Taxonomic name: Ovis aries Linnaeus, 1758
Synonyms: Ovis aries musimon Pallas, 1762 , Ovis aries ophion Blyth, 1841 , Ovis musimon musimon Pallas, 1762 , Ovis musimon ophion Blyth, 1841 , Ovis musimon Pallas, 1762 , Ovis ophion Blyth, 1841 , Ovis orientalis Gmelin, 1774
Common names: mouflon, sheep
Organism type: mammal
Ovis aries (sheep) are an ungulate mammal believed to have originated in Europe. While humans have domesticated the majority of sheep, feral populations exist. These populations are causing impacts on the native diversity of plant species, especially on islands. The impact their grazing has on vegetation is known to cause declines in rare and endangered bird species and other native ungulate species.
There exist over 200 distinct breeds of sheep Ovis aries. The breeds differ in their physical characteristics. Female sheep tend to be smaller than males by a quarter to one third of male size- head and body lenght 1,200-1,800mm and shoulder height 650-1,270mm. O. aries have a vertical cleft and narrow snout completely covered with short hair except on the margins of the nostrils and lips. Wild O. aries have tails between 70-150mm but in domestic O. aries tails may be larger and used as a fat reserve, although these long tails are removed on most commercial farms. The skulls of domesticated O. aries differ from those of wild sheep in that the eye socket and brain case are reduced. The genus Ovis is characterized by the presence of glands situated in a shallow depression in the lacrimal bone, the groin area, and between the two main toes of the foot. These glands secrete a clear semi-fluid substance that gives domestic O. aries their characteristic smell. Selection for economically important traits has produced domestic O. aries with or without wool, horns and external ears. Colouration ranges from milky white to dark brown and black (Reavill, 2000).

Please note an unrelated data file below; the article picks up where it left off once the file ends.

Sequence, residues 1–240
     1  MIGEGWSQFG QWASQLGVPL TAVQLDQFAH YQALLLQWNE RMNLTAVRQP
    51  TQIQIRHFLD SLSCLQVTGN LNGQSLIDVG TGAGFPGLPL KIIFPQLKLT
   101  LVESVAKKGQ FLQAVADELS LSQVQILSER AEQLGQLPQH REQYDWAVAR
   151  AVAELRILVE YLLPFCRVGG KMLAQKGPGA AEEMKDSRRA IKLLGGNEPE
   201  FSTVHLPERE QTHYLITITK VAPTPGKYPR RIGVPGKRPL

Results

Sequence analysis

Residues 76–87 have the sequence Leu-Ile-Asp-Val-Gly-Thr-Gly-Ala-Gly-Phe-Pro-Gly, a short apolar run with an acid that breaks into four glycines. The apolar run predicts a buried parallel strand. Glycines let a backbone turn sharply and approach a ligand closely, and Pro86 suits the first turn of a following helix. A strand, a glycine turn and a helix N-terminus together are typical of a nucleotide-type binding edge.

agricultural areas, desert, natural forests, planted forests, range/grasslands, ruderal/disturbed, scrub/shrublands
Sheep (Ovis aries) are extremely versatile and exist in a wide variety of habitats worldwide ranging from temperate mountain forests to desert conditions (Grzimek 1990, MacDonald 1984 in Reavill, 2000).
Establishment of feral herbivores like sheep (Ovis aries) have had significant ecological impacts on island ecosystems. Island ecosystems are particularly vulnerable to herbivores as insular plants in these ecosystems evolved largely in the absence of large herbivores, therefore lacking in defences against them. Increased bare ground followed by increased erosion are some of the other impacts (Van Vuren and Coblentz, 1987). Van Vuren and Coblentz (1987) in their study on the ecological effects of feral sheep on Santa Cruz Island, California observe that feral sheep are forage generalists when compared to domestic sheep on mainland. Feral sheep diet include annual grasses, forbs and also a substantial quantity of shrubs. The authors summarise the ecological impacts of feral sheep: consumption of endemic species by feral sheep could potentially cause decline in their population levels; loss of vegetation due to trampling while grazing; compaction of the soil and therefore changes in the soil structure; soil erosion due to removal of vegetration and denudation of the soil; removal of hebaceous vegetation caused changes in the grassland community, reduction of litter and a decline in the recruitment of seedlings. Alteration in the plant community led to decrease in species diversity.